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01 June 2016

3 Things Kids & Writers Worry About | IWSG

For a few months during this past school year, I volunteered as part of an after school Y-Reads! program at the local elementary school in Indiantown, Florida. The program is designed to improve reading skills in K-3rd grade students in low-income areas. I helped out by reading books to small groups of students and engaging them in activities to broaden their understanding of the stories and motivate them to want to read.

I'm sure the students learned heaps through the program and had fun doing so, but I also learned a few things as well. In particular, I got to know what kids worry about, as seen through children's literature, some of which seems eerily similar to what I worry about as a writer. Seemed like the perfect thing to share with the folks at the Insecure Writer's Support Group this month, highlighting three of the books I read to the kids. However, even if you're not a writer, I think many of the rest of you can relate too. After all, we were all kids at one point, some of us have kids and many of us are (hopefully) still kids at heart.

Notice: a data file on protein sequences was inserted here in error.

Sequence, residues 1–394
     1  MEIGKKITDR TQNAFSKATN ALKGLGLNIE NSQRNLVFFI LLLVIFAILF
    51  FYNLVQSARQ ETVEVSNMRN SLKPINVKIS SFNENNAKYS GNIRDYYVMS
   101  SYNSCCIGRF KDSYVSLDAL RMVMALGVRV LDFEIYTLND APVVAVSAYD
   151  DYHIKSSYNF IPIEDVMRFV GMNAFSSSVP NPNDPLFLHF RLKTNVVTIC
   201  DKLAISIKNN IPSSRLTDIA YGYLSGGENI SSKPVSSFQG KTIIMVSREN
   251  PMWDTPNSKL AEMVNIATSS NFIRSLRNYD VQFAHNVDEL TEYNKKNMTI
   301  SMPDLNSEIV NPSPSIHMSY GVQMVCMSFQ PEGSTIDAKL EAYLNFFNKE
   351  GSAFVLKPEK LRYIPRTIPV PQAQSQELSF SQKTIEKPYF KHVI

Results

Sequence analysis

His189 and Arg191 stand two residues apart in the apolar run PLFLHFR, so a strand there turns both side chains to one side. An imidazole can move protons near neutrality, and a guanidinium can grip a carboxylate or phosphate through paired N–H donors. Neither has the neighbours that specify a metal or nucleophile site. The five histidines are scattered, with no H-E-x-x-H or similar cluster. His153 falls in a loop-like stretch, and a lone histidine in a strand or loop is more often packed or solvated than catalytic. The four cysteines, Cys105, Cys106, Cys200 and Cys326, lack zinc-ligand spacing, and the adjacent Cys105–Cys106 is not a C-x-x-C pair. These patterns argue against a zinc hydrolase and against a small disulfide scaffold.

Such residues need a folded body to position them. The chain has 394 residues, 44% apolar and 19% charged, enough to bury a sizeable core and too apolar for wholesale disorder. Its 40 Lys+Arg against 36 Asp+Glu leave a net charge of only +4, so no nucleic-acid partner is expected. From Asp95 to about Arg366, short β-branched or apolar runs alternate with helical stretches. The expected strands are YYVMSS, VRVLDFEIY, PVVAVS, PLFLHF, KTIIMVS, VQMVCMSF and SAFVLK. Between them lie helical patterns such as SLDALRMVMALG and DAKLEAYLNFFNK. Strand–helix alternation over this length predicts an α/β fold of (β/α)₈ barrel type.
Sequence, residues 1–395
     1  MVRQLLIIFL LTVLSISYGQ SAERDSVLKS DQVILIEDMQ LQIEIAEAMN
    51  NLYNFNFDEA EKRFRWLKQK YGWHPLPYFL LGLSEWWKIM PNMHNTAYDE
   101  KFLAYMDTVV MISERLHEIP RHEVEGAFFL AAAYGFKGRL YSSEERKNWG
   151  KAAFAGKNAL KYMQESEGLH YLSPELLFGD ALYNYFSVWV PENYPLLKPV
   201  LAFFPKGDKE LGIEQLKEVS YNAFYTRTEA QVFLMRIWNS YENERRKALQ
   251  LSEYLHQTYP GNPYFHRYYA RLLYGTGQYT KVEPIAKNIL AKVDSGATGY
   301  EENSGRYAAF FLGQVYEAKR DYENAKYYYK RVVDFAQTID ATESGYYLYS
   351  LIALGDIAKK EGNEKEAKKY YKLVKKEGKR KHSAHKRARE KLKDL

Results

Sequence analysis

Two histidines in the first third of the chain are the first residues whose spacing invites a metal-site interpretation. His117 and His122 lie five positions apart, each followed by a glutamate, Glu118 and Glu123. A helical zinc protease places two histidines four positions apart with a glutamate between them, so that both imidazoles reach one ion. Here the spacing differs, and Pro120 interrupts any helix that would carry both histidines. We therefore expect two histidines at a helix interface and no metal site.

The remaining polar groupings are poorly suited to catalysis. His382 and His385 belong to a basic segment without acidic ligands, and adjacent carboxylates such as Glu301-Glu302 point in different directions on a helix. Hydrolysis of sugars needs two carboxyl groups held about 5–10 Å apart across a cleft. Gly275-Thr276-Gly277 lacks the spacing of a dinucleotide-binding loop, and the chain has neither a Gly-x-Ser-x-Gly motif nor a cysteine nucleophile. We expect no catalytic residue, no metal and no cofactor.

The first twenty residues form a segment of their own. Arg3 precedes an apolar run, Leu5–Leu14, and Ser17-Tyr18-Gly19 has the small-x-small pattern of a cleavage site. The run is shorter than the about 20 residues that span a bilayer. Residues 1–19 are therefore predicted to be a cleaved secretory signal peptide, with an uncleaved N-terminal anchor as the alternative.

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"I'm worried that I'll never be grown up (experienced) enough to deserve what all the older kids (authors) have!"

BINTOU'S BRAIDS by Sylviane A. Diouf & illustrated by Shane W. Evans

Image Source: Bintou's Braids on Amazon.


THE STORY - Bintou desperately wants long, beautiful braids like her older sister and the other women in her village in West Africa. But, as she's too young for braids, all she has are four little tufts of hair which are cornrowed. Her grandmother explains to her that tradition means that she has to wait until she's older to get braids in order to avoid vanity.

THE WORRY - Let's face it, it sucks to have to wait until you're old enough to get something like braids or a bike. Will you ever grow up? Will you have to wait forever? Writing can be kind of like that at times. Will I ever get enough experience to be able to write a decent novel worthy of publication? Or, will I be stuck being a novice writer forever?

SPOILER ALERT - Bintou saves the day and as a reward gets her very own braids before most girls her age do.

You can find Bintou's Braids on Amazon.


"I'm worried that no one is going to like me and they'll think my name (book) is stupid!"

THE NAME JAR by Yangsook Choi